Every relationship has its expectations. One unspoken expectation is that one spouse generally assumes the other spouse to be competent to handle an emergency. In the case of a car accident, this means being able to handle everything from the initial moments after impact to the aftermath on your own. Below are five things that your spouse probably expects you to know about car accidents.
How to Assess the Situation
Your spouse probably expects that you know the difference between a major accident and something that’s less of a concern. He or she assumes that you know whether or not you are in any immediate danger, whether or not it’s safe for you to move from the vehicle, and whether you’re in a position to do anything else. It’s very likely that your spouse assumes that you know whether or not you can take the rest of the steps on this list or if you’ll have to rely on someone else to do the heavy lifting.
What to Do First
Another thing your spouse likely expects from you is the ability to decide exactly what to do when you are in a wreck. This means not only having the ability to assess the situation in a rational manner, but also the ability to do something about what you’ve seen. This means knowing how to get your vehicle off the road if possible, whether or not you need to call for medical help, and how to deal with the emergency situation in a rational manner. If you don’t need to get medical help, your first move may well be to gather evidence. According to this article (https://www.preszlerlawbc.com/services/icbc-claims/) from Preszler Law, you should always take a picture of the other car’s license plate when involved in an accident, so make sure that you have your camera out as soon as reasonably possible.
How to Talk to the Police
Your spouse also probably expects that you’ll know how to talk to the police after an accident. This means not only being able to report events as you have experienced them, but also understanding that the police will be an important resource for you as you move forward. Remember, you’ll need to get information from the officers on the scene to give to your attorney, so don’t forget to get things like basic contact information in order to get a copy of the accident report. Your spouse also likely expects that you will be able to talk to the police in a calm and rational manner that will help you in the future, avoiding taking unnecessary blame for what happened while still providing the necessary information.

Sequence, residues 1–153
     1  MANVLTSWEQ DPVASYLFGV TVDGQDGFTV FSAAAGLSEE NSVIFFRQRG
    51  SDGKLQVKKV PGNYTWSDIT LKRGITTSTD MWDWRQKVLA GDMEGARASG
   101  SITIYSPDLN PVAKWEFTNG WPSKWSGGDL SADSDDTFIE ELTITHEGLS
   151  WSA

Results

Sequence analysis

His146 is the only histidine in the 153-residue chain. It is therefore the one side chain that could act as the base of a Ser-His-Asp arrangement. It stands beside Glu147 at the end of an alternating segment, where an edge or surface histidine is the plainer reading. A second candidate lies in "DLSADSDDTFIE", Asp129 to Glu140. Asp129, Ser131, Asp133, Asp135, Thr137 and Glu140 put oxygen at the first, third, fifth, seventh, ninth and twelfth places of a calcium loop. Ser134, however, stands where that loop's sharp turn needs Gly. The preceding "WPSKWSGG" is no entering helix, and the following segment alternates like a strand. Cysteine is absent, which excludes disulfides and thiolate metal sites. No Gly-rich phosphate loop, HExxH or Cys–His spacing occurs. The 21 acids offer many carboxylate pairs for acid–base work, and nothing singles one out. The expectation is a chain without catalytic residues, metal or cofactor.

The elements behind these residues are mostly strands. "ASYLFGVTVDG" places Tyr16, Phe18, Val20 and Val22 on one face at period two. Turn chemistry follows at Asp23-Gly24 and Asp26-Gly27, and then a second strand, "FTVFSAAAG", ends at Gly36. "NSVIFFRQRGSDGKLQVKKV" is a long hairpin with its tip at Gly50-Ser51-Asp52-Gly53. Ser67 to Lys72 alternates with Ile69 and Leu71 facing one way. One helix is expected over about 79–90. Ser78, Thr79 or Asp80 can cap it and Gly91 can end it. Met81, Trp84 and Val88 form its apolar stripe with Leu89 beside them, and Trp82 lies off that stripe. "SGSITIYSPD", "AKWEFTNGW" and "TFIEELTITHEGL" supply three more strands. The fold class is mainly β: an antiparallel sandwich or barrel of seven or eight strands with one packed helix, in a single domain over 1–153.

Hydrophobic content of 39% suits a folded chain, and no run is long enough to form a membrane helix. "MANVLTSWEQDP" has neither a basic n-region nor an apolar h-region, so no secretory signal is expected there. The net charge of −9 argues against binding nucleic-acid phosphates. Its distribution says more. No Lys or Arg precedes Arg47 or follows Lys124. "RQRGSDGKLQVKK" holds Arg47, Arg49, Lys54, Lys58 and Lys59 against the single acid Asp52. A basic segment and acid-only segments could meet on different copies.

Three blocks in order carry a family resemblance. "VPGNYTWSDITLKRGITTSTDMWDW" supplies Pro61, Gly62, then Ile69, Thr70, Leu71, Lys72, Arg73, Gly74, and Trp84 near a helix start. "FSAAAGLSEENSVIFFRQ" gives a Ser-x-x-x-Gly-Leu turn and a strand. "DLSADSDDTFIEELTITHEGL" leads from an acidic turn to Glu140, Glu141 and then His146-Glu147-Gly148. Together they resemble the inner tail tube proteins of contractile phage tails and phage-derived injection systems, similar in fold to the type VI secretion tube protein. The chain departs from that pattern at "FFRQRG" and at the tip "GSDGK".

How to Get the Car Fixed
Your spouse also expects that you’ll know what to do with the car after you get in an accident. This means figuring out whether you are going to be able to drive your vehicle away yourself or if you’ll need to call for a wrecker. Your spouse expects that you’ll be able to figure out which shop the car needs to go to, how to ensure that you work with the shop to avoid getting charged for any unnecessary work and that you’ll be able to figure out how to get back on the road while your car is in the shop. The assumption is generally that the person who was involved in the accident will usually be the person best suited to communicating with those who are working on the car.
How to Deal with Insurance
Finally, your spouse likely expects that you will be able to take the point position when it comes time to talk to insurance. This not only means being able to report your accident to the insurance company, but also figuring out what kind of coverage you have and how it will apply to your situation. It’s also a good idea to be able to know when to call an attorney to help you with reimbursement, as the other party’s insurance company will not always be working with your best interests in mind.
In short, your spouse probably expects that you will be able to handle most of the heavy lifting when it comes to a car accident in which you were involved. While it’s always a good idea to work as a team, you should be prepared to handle much of what happens on your own. This is the best way to ensure that you’ll be able to get the job done even if your spouse is not on the scene to help.